Researchers have developed and validated the Emory risk score as a tool for predicting patients’ need for pacemaker implantation after transcatheter aortic valve replacement, according to findings published in JACC: Cardiovascular Intervention.
In a derivation cohort, independent predictors of pacemaker implantation included a history of syncope (OR = 2.48; 95% CI, 1.11-5.54), baseline right bundle branch block (OR = 4.33; 95% CI, 2.1-8.95), QRS duration of at least 138 milliseconds (OR = 2.487; 95% CI, 1.17-5.27) and valve oversizing greater than 15.6% (OR = 1.93; 95% CI, 1.03-3.62) were included in the Emory risk score.
After analysis in a validation cohort, researchers created a risk score of pre-TAVR characteristics including:
- a clinical history of syncope (1 point);
- baseline right bundle branch block configuration on baseline electrocardiography (2 points);
- QRS duration greater at least 140 milliseconds (1 point); and
- valve oversizing at least 16% (1 point).
According to the study, the Emory risk score was associated with pacemaker implantation (per point increase OR = 2.2; P < .001) with an area under the receiver-operating characteristic curve of 0.78 (95% CI, 0.69-0.87), similar to its performance in the derivation cohort or 0.73 AUC (95% CI, 0.65-0.81).
“The Emory risk score was highly correlated to and performed well for prediction of need for pacemaker implantation in the validation cohort. Notably, our risk score performed as well in the validation cohort as it did in the derivation cohort despite notable differences in baseline comorbidities,” Soroosh Kiani, MD, a CV fellow at Emory University, and colleagues wrote. “To our knowledge, this is the first proposed risk score for the need for pacemaker implantation after TAVR.”
Researchers analyzed patients who underwent first-time TAVR (Sapien 3, Edwards Lifesciences) at Emory University (n = 1,266). A total of 778 patients were included in the derivation cohort, and using a multivariate analysis, researchers identified predictors for pacemaker implantation, which were later confirmed in a 367-patient validation cohort.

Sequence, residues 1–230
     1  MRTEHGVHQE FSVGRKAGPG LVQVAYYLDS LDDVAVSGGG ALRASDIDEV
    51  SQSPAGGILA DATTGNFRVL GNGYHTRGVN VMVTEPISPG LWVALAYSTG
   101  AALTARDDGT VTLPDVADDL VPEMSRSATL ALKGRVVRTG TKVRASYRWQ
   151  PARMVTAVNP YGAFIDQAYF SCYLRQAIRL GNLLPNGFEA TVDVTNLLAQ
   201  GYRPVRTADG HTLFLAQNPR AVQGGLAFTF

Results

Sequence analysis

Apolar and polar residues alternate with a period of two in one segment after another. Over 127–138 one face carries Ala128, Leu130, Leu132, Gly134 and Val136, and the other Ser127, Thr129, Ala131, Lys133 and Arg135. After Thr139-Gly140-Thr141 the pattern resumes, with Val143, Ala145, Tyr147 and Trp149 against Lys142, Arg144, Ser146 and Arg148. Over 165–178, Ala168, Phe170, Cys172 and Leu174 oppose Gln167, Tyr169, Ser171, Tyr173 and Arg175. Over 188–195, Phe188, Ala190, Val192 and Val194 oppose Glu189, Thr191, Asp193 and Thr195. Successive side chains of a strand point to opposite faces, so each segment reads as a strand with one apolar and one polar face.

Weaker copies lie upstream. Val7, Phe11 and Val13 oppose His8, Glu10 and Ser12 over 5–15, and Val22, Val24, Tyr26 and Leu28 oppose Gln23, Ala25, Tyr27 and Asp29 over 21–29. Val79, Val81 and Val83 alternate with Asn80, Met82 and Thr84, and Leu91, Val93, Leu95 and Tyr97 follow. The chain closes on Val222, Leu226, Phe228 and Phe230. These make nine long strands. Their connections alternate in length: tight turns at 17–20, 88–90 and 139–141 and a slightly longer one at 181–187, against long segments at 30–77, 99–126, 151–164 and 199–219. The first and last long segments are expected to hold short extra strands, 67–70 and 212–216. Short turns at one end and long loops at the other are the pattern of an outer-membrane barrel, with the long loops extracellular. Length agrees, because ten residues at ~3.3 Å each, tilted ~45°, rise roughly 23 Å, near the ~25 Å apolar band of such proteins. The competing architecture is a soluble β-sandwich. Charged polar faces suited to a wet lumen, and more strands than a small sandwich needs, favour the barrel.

“Our study focused exclusively on the Sapien 3 valve, which may limit the generalizability of these findings,” the researchers wrote. “It may be reasonable to expand these findings to other comparable balloon-expandable valves, though this is purely speculative and remains to be vigorously tested. However, this limitation is likely to be minor, as the Sapien 3 valve represents the most current generation of commercially available balloon-expandable valve, and prior generations are less commonly used.”
“Certainly, using the Emory risk score for permanent pacemaker implantation allows for a better preprocedural conversation with the patient,” Stefan Toggweiler, MD, and Miriam Brinkert, MD, of the Heart Center Lucerne, Luzerner Kantonsspital, Lucerne, Switzerland, wrote in a related editorial. “However, the question remains how this risk estimation may change clinical practice. Let’s assume you have two patients scheduled for TAVR, one has a risk for permanent pacemaker implantation of 10%, the other one has a risk of 40%. How would clinical management of these patients differ in your hospital? Even with a high risk of 40%, preemptive implantation of a permanent pacemaker appears not justified and may not be reimbursed in most countries.” – by Scott Buzby
Disclosures: Kiani and Brinkert report no relevant financial disclosures. Toggweiler reports he is a consultant and proctor for Boston Scientific and New Valve Technology; and has received unrestricted institutional research grants from Boston Scientific and Fumedica AG. Please see the study for all other authors’ relevant financial disclosures.